Every now and then when we post on how solar power is bringing the internet to rural Africa, or enabling the charging of mobile phones in poor communities, I'll hear concerns from naysayers who wonder what these technologies might mean for traditional social structures in these remote areas.
Let's leave aside the morally questionable issue of internet-connected critics worrying about access to the internet for others for a moment, and look at the core question—does internet connectivity threaten rural communities? Actually, if UK-based charity Computer Aid is anything to go by, the reverse is true.
From helping farmers to market their crops and communicate with veterinarians, to helping nursing students keep up to date with the latest research, access to the internet is providing rural Africans with the resources they need to keep their communities viable and slow the push of urbanization. Having seen how access to the internet had help support farmers, students and community institutions in the Zambian village of Macha, Computer Aid is now looking at how to bring that access to other communities that do not have the infrastructural benefits that Macha enjoys. (Macha was the location of a research station and Christian mission that facilitated the building of satellite internet.)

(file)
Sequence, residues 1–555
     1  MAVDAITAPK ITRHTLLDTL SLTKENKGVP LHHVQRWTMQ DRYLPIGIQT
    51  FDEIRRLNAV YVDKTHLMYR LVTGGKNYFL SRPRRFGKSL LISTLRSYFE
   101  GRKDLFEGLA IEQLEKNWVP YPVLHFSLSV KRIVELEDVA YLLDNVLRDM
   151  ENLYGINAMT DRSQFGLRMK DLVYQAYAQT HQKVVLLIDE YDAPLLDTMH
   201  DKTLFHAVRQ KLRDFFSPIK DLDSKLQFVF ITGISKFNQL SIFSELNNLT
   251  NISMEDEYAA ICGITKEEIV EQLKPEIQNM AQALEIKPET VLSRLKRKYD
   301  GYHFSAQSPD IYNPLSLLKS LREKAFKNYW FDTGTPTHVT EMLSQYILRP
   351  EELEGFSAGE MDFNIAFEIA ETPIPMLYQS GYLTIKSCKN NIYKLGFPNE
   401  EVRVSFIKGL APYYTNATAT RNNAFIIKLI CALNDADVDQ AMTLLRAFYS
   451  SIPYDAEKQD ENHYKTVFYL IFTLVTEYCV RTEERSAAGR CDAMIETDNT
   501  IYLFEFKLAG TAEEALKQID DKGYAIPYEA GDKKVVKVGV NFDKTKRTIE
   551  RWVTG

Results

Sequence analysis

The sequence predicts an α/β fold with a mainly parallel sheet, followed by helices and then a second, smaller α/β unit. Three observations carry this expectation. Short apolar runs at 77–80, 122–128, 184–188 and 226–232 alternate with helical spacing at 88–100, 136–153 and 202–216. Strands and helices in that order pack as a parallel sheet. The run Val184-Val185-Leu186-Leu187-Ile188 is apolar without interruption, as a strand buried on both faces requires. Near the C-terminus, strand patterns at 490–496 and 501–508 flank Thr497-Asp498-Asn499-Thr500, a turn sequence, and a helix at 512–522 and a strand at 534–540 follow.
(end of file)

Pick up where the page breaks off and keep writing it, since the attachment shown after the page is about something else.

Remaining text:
The solution is what has become known as the ZumbaBox—a shipping container with satellite-enabled wi-fi and solar panels on the roof, which houses one PC and a number of "virtual desktops" that villagers can use to study, communicate and stay connected to news and cultural events.
Below is a BBC report on what looks like an awesome project, and Business Green has an excellent write up of the use of ZumbaBoxes across Africa. Oh, and if anyone is out there communicating from a ZumbaBox, be sure to drop a note in the comments and tell is how you like it.